Sources: CD quality.
Lauryn Hill – The Miseducation of Lauryn Hill
This album in general is very well recorded, and I chose 3 songs in particular.
Lost Ones. It has a clean, thumping bass line, and lots of articulation. Detail retrieval was the same. Background artifacts and sounds came through marvelously well on both.
Final Hour. Bass was more satisfying on the HD600. Better thump. Vocals were pushed back on both. This is likely the recording, and one of the only low points as far as mixing/mastering quality.
Doo Wop (That Thing). HD600’s bass hits hard when it has to. Admirable. Bass articulation just about identical on both. For this particular track, the HD600 resembled a bit more of a bass head flavor.
9500 = Leaner. Less fatty.
600 = Fuller, a tad more fat and thump.
Neither quality was negative, just a bit different. Think of it like you’re lifting weights for bulk vs. lifting and shedding body fat. Same principle.
Wilco – A Ghost is Born
At least that’s what you said. The only track I tested off this album. I was looking for discrepancies in the bass line because I’ve heard it so many times. Both headphones rendered it roughly the same. The 9500 was a bit brighter as far as the overall picture.
Interpol – Turn on the bright lights
Obstacle 1. A bit too bright in some areas on both headphones.
PDA. Another bright affair.
In general, this album was not recorded very well and not that enjoyable to listen to so I moved on. There are too many layered guitars and it just ends up being a huge mish mosh. A true testament to the importance of source files.
Phish – Junta
You Enjoy Myself. A track that I’ve heard countless times. Sounded incredible on the 9500. This is the power of a good recording coupled with a good amp (Audeze Deckard). Micro details everywhere. The HD600 had the same amount of detail but was slightly more veiled. What is the Sennheiser Veil? There seemed to be a thin layer of blanket over the sound, but it was subtle.
Amp/DAC used: NAIM DAC V1 & Audeze Deckard.
Pink Floyd – Wish you were here
Shine on you crazy diamond. Richard Wright’s keyboard felt extremely alive and articulate on the HD600 and the 9500. There was little to no difference other than the 9500 is a little brighter, which is a common theme here as a whole. That said, the HD600 again is a bit shouty at times. I also noticed that separation of instruments is a bit better on the 9500, but overall yes, the 9500 is brighter.
Have a Cigar. Extra bass notes came through on the HD600 that I never noticed before. A bit shouty at times (instrumentation). 9500 reveals same level of detail.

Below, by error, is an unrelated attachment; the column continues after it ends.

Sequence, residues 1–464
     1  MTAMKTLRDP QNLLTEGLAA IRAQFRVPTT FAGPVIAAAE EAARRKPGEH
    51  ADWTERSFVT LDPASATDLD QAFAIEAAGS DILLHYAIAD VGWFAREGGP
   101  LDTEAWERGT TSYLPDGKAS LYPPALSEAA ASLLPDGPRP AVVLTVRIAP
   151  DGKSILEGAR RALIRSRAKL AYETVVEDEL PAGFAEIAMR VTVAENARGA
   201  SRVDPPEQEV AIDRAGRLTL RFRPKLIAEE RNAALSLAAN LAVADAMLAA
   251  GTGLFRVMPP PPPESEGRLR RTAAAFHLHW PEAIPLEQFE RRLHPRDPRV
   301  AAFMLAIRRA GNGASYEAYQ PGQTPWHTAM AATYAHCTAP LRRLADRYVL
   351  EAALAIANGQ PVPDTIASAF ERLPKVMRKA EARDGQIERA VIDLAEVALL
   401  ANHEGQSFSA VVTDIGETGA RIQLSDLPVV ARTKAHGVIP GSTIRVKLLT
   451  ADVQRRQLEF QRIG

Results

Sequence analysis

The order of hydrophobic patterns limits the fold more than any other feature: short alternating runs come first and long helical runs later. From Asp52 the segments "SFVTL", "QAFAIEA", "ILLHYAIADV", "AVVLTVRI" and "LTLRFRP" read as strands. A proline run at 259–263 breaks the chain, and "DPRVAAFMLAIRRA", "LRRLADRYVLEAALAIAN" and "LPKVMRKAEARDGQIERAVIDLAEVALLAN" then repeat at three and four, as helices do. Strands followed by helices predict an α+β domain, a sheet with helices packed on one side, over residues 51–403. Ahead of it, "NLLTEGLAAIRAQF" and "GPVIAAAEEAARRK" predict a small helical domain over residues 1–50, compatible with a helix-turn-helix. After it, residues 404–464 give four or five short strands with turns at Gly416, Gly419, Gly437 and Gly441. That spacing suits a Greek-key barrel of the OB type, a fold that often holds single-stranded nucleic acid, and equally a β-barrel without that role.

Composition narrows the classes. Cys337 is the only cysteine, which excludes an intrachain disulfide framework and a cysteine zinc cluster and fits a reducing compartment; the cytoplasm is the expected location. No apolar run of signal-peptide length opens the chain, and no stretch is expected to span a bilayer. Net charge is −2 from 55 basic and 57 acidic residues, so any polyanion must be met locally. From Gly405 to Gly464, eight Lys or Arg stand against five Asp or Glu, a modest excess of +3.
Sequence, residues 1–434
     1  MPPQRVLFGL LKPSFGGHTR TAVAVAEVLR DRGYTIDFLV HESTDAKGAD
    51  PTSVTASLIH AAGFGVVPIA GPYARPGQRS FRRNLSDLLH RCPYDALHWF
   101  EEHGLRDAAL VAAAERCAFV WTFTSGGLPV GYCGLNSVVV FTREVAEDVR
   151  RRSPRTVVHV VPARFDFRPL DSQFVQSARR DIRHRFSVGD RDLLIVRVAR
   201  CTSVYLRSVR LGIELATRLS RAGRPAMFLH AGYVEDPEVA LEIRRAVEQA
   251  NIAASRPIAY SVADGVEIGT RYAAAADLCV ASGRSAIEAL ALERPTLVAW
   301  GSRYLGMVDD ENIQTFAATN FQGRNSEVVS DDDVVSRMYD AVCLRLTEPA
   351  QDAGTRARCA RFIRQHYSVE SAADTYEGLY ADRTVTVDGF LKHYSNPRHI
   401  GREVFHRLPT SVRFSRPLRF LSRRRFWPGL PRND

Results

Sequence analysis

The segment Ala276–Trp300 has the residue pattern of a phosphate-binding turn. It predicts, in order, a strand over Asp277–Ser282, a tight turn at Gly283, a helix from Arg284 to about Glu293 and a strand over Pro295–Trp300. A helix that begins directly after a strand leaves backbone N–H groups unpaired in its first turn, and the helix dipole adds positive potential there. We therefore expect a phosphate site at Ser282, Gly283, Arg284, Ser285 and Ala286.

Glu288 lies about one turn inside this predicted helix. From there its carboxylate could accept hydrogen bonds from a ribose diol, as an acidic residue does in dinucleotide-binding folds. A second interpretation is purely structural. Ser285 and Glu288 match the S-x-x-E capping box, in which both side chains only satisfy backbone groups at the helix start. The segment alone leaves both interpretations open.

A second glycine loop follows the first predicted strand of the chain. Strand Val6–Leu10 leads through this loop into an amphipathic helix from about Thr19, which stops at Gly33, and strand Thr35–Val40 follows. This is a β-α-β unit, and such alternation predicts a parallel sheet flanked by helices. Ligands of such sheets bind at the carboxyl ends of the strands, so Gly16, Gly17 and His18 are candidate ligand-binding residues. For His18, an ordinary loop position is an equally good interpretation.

The Roots – Things Fall Apart
The Next Movement. This is another great recording with a lot going on, but not so much as to ruin your ability to discern. The 9500’s treble here is clearly more metallic, and the HD600’s mid-range is clearly a bit too forward. Another running theme in this article. Same exact details, voices, and micro details present in both headphones.
Amp used: Schiit Magni 2.
Sources: Vinyl, CD’s through iTunes.
Cabu feat. Akacia
Purchased off of iTunes
Cabu – Good (Single) feat. Akacia. A great indie pop/EDM type of track with some nice bass thump. The 9500’s bass response is definitely leaner overall, while the 600’s plays the part of the bass head type. Neither bass gets in the way of the mid-range or the enjoyment of the song in general.
Chon – Homey
Feel this way. Without my magic EQ, the snaps and snares on this track are a bit too in your face on the HD600. With it, the song is mellowed out just enough but still really slams in a crisp and controlled manner. Mellow out man!
Waterslide. This track is a prime example of why I sometimes like the 9500 more than the 600. It’s a crunchy track, but the 9500 brings out that crunch much more effectively, and the result is a livelier sound with more energy. That’s not to say the 600’s renders it badly, but it’s ho hum in comparison. Both benefit from my EQ settings here as well.
Fleetwood Mac – Mirage
Love in store. Let’s start from the top, shall we? The pulsating bass line is absolutely fantastic on this track, and the detail is magnificent.
More track analysis coming soon!
The build of both of these is very good, albeit in different ways.
The 9500 almost feels like air on your head, even though it’s build is significantly better than a headphone like the AKG K240.
As cheap as it is price wise, Philips put a lot of care into the construction itself. It feels extremely solid, and boasts metal headbands and rugged plastic. The ear cups rotate a bit inwards and outwards, and handling them feels solid to the touch.
The ear-cups also have large block letters indicating Right and Left on the outside, as well as two numbered adjustments on either side with a window to boot.
The padding is a fabric, and though the clamp force isn’t tight, they are comfortable for long periods of time without the need to adjust.
No, not TV show. 😛
The chord on here is detachable, and represents the perfect length for me. Not too long and not too short.